Just over 5 miles in and after thousand feet of climbing, the trail took a downhill turn, plunging into a thick forest with no end in sight. Deciding that we’d had enough, we turned and retraced out steps back out to the car, thankful that we didn’t have to search for a tent site for the night.
Our westward bound journey began with a two-night stop at Carter Caves State Resort Park in Kentucky. What a great family park…2,000 acres of forest and fun! We reserved a campsite over a week ago and were not disappointed with our choice.
The park has over 30 miles of hiking trails, half of which are multi-use trails for hikers, bikers or horseback riders. In addition, fishing, boating, canoeing, swimming, golfing and rock climbing offer something for just about everyone. If camping isn’t your thing, there are several overnight accommodations available.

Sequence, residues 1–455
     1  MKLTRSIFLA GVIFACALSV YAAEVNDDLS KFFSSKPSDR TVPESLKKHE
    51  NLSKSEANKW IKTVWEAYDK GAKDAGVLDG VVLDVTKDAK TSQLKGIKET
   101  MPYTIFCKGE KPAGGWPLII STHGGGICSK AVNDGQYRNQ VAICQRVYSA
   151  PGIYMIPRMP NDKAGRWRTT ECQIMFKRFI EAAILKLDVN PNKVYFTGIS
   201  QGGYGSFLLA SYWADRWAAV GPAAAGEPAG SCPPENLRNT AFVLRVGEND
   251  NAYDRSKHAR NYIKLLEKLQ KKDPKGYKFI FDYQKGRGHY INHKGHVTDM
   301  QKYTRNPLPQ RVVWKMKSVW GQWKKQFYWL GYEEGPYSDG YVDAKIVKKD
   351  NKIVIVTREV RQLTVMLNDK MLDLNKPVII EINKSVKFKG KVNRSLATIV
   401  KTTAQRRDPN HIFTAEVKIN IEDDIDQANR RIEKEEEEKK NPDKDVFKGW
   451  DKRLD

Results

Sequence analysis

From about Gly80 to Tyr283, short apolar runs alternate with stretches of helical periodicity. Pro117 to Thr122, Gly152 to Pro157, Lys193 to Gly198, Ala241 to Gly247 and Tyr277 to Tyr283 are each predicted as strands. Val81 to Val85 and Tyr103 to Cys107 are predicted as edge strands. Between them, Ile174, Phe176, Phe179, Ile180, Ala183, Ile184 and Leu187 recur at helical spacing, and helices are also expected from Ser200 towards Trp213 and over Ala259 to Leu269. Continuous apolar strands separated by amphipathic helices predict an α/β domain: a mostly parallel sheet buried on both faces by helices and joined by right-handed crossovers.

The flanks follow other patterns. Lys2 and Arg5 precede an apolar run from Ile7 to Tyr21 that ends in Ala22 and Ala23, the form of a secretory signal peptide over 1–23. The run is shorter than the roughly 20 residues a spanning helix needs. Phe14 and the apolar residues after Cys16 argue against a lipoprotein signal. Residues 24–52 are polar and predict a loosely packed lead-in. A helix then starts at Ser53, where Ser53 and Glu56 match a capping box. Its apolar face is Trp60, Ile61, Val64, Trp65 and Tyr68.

There are plenty of caves to explore in this park. Some are self-guided (with a permit) while others require a guide. We opted to stay above ground this trip…maybe next time!
The Navaho Knobs Trail is the longest trail in Capitol Reef National Park. The 9.4 mile round trip climbs (relentlessly) about 2,000 feet to an elevation of nearly 7,000 feet. This was no small day hike for us, but we figured we could always turn around if the going got tough.
An hour later (at least) we finally reached the base of The Knobs. The trail led us around to the right where we scrambled up the rocks, as far as we dared, to take in the view.
As our Thanksgiving holiday approached and it became clear that we would be celebrating without family for the first time in many years, Reg and I chose to do our social distancing and turkey roasting in Washington State. We managed to rent a one bedroom cottage on Camano Island, perched right on the waters of the Puget Sound region. When the clouds allowed, we enjoyed a view across to Whidbey Island and the mountains of Olympic Peninsula beyond. It’s been the perfect getaway.